Men win glory in the march of history, and the contribution of women is often forgotten. Whether it is India’s struggle for Independence or the World Wars, women not just came out of their homes to take the place of men in factories and farms, but many also actively participated on war fronts.
A Call To Spy– is about two women who engaged in espionage during WW-II under extremely dangerous conditions, well aware on the price they would have to pay, if captured—torture, rape and execution by the Gestapo, the Nazi forces not known to be fair, kind or just. The women were given cyanide pills as an option for a more dignified death than being tormented by the Nazis.
Directed by Lydia Dean Pilcher, produced and written by Sarah Megan Thomas, who also plays one of the leads, the film is of greater interest to Indian viewers because of Radhika Apte’s role as the legendary Noor Inayat Khan (a film titled Enemy of the Reich has been made on her life in 2014, and at least three book published, the best known being Spy Princess by Shrabani Basu. More recently Arthur Magida published Code Name Madeleine: A Sufi Spy in Nazi-Occupied Paris, which has been optioned for a movie and nominated for the Pulitezr Prize).
When France was occupied by Hitler’s army, the Allied Forces were worried; they needed a better and more inconspicuous spy network and the then British prime minister Winston Churchill got his new spy agency the Special Operations Executive (SOE) to recruit women and send them to France to conduct “ungentlemanly warfare.”
The job of identifying the women and organizing their training fell to “spymistress” Vera Atkins (played by Stana Katic), working as secretary to Colonel Maurice Buckmaster, and fighting her own battle with racism and sexism. In spite of doing all the planning and execution of this sensitive operation, she is not granted British citizenship, till much later, or given the rank she deserves because she is a Romanian Jew and mistrusted by others in her department.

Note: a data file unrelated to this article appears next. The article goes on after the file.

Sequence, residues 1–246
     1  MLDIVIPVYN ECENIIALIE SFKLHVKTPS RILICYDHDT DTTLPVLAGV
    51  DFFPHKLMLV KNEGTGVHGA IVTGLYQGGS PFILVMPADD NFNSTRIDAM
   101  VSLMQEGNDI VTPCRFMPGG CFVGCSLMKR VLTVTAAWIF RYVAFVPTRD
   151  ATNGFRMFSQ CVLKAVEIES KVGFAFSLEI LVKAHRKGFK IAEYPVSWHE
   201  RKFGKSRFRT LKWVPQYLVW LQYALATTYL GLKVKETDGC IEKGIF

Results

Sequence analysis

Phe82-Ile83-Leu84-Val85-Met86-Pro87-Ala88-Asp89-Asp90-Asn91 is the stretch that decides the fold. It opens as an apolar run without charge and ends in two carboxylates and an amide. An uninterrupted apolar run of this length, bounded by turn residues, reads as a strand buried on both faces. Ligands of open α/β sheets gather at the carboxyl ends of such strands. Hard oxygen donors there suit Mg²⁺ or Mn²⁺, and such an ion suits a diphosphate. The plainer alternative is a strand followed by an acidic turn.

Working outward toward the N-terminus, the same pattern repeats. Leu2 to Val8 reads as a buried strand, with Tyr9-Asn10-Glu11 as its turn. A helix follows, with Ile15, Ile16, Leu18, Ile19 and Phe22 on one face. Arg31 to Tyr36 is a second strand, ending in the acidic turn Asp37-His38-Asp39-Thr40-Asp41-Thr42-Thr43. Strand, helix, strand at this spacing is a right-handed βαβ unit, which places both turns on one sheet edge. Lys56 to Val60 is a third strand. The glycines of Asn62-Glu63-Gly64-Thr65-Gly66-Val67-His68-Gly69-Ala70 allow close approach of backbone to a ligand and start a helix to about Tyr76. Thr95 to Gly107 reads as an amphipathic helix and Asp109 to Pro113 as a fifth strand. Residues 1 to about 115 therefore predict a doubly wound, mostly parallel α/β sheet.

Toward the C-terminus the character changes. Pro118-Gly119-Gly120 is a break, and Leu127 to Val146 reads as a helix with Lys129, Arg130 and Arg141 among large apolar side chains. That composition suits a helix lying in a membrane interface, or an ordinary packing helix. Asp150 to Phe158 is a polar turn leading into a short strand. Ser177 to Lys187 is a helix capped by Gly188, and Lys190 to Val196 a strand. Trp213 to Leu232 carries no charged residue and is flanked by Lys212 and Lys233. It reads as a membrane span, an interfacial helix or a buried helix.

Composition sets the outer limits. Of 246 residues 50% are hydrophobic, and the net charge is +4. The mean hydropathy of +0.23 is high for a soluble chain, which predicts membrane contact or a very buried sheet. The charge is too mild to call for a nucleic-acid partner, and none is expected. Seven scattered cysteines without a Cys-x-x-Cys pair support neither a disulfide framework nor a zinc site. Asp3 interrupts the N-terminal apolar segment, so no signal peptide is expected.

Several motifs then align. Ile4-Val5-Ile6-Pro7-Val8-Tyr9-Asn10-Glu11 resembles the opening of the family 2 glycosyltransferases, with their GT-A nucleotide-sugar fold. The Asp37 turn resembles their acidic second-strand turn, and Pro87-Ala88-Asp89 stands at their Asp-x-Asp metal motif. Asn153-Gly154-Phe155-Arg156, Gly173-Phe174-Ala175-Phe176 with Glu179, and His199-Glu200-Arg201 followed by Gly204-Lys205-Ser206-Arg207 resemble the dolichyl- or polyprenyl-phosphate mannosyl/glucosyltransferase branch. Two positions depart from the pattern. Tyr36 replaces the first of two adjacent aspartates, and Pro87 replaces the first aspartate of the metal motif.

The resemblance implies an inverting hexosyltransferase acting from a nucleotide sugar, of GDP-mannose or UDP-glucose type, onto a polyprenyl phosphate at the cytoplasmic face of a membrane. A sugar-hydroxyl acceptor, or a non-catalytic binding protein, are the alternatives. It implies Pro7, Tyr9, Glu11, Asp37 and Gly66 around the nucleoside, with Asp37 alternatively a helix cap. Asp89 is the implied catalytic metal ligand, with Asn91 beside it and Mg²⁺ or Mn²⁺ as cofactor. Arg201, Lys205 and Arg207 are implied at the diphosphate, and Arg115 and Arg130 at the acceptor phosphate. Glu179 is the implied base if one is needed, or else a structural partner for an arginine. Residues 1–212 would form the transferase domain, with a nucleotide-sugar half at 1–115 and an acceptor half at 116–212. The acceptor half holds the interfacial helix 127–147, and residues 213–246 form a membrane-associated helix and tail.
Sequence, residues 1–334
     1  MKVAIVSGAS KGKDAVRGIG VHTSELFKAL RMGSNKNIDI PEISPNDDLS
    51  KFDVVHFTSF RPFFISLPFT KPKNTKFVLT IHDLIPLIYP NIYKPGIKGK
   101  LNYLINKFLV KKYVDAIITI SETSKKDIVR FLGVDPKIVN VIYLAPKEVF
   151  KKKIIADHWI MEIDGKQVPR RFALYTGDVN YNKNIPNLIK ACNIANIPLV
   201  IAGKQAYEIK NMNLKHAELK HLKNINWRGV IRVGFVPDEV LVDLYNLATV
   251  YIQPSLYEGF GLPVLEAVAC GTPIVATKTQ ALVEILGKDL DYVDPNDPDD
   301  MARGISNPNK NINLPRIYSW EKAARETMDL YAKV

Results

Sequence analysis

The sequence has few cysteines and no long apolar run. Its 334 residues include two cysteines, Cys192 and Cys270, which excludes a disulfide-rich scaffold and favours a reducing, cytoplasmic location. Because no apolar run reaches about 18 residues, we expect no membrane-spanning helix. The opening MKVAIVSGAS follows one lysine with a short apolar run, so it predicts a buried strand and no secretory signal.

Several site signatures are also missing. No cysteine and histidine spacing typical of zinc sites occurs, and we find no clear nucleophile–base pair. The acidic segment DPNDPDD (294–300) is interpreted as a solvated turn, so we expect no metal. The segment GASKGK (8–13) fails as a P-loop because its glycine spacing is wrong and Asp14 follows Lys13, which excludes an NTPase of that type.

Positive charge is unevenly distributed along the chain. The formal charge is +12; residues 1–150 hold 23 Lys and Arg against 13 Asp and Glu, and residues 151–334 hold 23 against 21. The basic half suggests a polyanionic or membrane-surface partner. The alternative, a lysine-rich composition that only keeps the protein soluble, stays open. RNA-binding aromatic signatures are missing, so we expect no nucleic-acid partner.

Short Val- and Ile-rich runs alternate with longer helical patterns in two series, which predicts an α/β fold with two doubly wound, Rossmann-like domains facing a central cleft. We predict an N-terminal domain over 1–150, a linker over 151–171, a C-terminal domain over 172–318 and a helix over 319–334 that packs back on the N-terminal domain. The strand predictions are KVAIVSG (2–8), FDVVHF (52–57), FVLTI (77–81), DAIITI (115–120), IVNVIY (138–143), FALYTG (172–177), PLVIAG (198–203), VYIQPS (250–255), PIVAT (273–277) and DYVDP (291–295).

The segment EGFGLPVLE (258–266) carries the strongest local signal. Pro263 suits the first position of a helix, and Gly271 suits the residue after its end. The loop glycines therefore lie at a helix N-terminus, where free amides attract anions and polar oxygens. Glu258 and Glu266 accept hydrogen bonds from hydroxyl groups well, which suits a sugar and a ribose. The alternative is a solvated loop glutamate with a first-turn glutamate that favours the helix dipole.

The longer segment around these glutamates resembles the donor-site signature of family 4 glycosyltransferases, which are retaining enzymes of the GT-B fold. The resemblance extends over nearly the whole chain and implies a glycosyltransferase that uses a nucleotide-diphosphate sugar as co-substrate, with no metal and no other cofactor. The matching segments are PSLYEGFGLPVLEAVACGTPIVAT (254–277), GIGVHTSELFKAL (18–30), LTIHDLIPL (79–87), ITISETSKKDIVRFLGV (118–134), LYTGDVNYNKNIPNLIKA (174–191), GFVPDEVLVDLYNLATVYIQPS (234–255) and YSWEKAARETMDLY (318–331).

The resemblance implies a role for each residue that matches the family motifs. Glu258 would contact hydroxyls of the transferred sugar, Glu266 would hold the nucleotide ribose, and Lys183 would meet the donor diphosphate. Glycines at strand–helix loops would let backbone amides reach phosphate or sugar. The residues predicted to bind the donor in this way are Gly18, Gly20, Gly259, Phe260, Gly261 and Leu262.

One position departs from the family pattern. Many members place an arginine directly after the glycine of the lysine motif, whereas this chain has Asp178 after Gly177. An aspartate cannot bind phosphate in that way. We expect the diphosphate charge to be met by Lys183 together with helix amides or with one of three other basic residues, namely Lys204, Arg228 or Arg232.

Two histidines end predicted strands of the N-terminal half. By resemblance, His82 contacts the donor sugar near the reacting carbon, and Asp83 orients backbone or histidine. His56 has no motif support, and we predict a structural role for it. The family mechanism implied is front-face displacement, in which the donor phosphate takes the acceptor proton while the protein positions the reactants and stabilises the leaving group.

Virginia Hall (Sarah Megan Thomas) is a fierce American, who is denied a career as a diplomat due to her ‘disability’—she lost her leg in an accident and has a heavy wooden prosthesis she names “Cuthbert”. She goes through the same tough training that the men do, including torture simulation, and when told that the Nazis won’t go easy on her because she is a woman, snaps back that she won’t go easy on them either because they are men.
The other woman Atkins recruits is Noor Inayat Khan, the Russia-born daughter of an American woman and Indian Muslim Sufi musician. Noor, codenamed Madeleine, is an expert wireless operator, whose skills are invaluable behind enemy lines. A descendant of Tipu Sultan, a writer, musician and pacifist, she agrees to go to France, without having any guarantee of protection or even safe return. It is not exciting and glamorous work as so many films portray—she has to be on the run all the time, lugging around the heavy wireless equipment, sleeping in alleyways and going hungry.
France was then a hotbed of fear, collaboration and suspicion, when people were renouncing their friends and neighbours and nobody could be trusted. The Germans were sharp, efficient and cruel, not the bumbling idiots as so many war films portray them. Virginia got out alive, but Noor was betrayed and captured. She refused to leave when she could have, because she believed her work was crucial. She was imprisoned and tortured but did not give up any names. She was finally executed in a concentration camp at Dachau with a bullet to the back of her head. She was only 30 years old.